Google is notching up promotion around the .how top-level domain it bought last year (and probably paid a ton of money for). The company wants you to know that it's now possible to register your own .how website. And since this is Google we're talking about, it's hoping you'll give some knowledge back to the world with your .how domain — or at least teach someone something. "We believe .how can become an intuitive way for creators and consumers to share, identify and discover some of the best learning content on the web," Google said in a blog post yesterday. "Now you can buy a simple, memorable and meaningful .how domain name of your own, sending a clear message that your content is there to teach people something great."
It's Google's domain, but you're paying other companies
The company says that people search for "how" more often than any of the other five "W"s, and with Google being the world's leading search provider, you can probably put some stock in that. As a test, I wondered how much a URL like "makemoney.how" would cost, figuring I could instantly flip it for a profit and let someone else worry about sharing the secret to quick millions. But the whole thing gets off to an awkward start; rather than letting you buy a .how address through its own domain registration service, Google passes you off to partners, which makes the whole thing feel a bit seedy. They're not GoDaddy, but I'd still prefer being able to do this through Hover or Google itself.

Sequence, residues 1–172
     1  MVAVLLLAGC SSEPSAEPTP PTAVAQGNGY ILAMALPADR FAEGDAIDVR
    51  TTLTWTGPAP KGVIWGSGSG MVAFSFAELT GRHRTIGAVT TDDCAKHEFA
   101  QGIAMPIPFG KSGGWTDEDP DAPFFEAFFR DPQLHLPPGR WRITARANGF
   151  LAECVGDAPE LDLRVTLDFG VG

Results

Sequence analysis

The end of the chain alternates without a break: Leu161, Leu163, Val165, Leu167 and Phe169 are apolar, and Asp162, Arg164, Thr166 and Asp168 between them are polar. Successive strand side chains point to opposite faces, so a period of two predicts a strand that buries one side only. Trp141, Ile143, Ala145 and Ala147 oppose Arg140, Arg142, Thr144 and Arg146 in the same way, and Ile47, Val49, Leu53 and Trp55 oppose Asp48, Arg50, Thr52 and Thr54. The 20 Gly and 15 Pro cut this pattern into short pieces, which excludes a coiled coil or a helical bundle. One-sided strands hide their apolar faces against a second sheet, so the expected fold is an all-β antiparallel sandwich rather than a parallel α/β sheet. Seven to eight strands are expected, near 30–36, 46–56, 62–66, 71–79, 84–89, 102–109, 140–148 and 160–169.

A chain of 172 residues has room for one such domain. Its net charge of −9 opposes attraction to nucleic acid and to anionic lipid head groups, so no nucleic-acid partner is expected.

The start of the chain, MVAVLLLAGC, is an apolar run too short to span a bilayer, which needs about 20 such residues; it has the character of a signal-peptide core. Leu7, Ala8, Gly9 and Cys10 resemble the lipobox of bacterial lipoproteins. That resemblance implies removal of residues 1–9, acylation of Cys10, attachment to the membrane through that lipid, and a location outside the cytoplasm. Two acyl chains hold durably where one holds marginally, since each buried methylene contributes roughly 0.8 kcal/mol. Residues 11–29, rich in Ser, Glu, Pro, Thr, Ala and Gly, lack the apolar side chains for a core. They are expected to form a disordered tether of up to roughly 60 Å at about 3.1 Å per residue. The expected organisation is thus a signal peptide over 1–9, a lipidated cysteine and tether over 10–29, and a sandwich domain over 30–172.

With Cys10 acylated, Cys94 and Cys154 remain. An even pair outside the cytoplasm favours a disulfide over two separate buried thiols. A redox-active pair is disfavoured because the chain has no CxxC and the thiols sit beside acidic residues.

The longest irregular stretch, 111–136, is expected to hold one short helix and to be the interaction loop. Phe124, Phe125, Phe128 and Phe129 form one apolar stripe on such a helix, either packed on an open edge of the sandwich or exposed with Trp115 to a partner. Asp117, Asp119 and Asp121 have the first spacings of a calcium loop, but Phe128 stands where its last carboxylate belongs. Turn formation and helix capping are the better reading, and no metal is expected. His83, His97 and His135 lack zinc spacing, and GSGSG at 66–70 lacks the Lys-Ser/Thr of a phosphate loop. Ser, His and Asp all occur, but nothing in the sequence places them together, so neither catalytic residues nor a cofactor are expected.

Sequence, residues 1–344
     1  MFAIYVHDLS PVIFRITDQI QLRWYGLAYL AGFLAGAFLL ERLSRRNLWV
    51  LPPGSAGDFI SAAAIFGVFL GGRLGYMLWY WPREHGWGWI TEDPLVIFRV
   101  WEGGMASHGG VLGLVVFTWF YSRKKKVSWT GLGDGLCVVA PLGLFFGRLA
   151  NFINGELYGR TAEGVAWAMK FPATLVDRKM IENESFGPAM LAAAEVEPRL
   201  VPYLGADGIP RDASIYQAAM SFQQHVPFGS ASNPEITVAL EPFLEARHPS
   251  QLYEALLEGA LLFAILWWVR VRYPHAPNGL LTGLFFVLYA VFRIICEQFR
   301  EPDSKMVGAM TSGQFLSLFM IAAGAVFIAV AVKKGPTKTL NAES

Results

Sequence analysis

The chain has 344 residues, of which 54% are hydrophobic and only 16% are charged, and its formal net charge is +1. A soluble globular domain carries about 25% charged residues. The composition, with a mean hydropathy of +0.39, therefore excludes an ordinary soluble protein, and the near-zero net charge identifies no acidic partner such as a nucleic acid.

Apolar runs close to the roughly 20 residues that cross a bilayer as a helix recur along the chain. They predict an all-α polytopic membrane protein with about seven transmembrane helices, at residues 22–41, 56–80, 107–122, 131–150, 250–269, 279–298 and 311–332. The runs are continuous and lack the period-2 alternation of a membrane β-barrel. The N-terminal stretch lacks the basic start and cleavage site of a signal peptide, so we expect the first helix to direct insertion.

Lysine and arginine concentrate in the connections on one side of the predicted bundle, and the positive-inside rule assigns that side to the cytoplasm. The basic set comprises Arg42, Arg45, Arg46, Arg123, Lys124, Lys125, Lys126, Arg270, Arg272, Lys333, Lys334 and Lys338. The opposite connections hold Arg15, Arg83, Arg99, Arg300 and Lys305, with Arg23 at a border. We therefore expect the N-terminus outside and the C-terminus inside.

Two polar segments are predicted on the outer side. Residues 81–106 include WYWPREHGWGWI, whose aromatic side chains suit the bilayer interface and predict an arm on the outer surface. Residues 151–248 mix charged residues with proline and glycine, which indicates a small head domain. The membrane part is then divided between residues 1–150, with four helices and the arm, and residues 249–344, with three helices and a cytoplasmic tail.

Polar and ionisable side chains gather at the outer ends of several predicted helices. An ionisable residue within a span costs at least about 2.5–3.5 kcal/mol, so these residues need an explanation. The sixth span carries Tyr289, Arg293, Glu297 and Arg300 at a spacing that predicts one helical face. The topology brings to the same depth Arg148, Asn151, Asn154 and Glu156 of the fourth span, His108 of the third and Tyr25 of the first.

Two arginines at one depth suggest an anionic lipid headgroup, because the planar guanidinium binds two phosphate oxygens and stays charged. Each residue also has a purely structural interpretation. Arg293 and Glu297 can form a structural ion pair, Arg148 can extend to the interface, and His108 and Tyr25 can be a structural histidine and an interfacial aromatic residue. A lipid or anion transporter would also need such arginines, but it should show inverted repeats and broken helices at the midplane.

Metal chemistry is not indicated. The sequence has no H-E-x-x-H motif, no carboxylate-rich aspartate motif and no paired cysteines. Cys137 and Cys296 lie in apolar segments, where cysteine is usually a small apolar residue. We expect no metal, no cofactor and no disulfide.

Those partners set the prices on domains. And it turns out makemoney.how is pretty expensive: I'd have to pay almost $700, which is ridiculous — though I'm sure it'll be pointing to some "get rich quick" scam before long. So much for my scheme. GetRich.how is a bit cheaper at $423.75, if you're wondering.
Other domains that aren't so "premium" don't cost nearly as much. My name as a .how would only set me back $35 per year. But if you want to teach the world your very best yo-yo tricks, you'll have to cough up over $200.
So at least right now, .how domains are pretty clearly targeted at creatives with some extra cash or businesses. Give someone a great cooking lesson and then point them to your restaurant, maybe. Or offer some skydiving lessons. That sort of thing.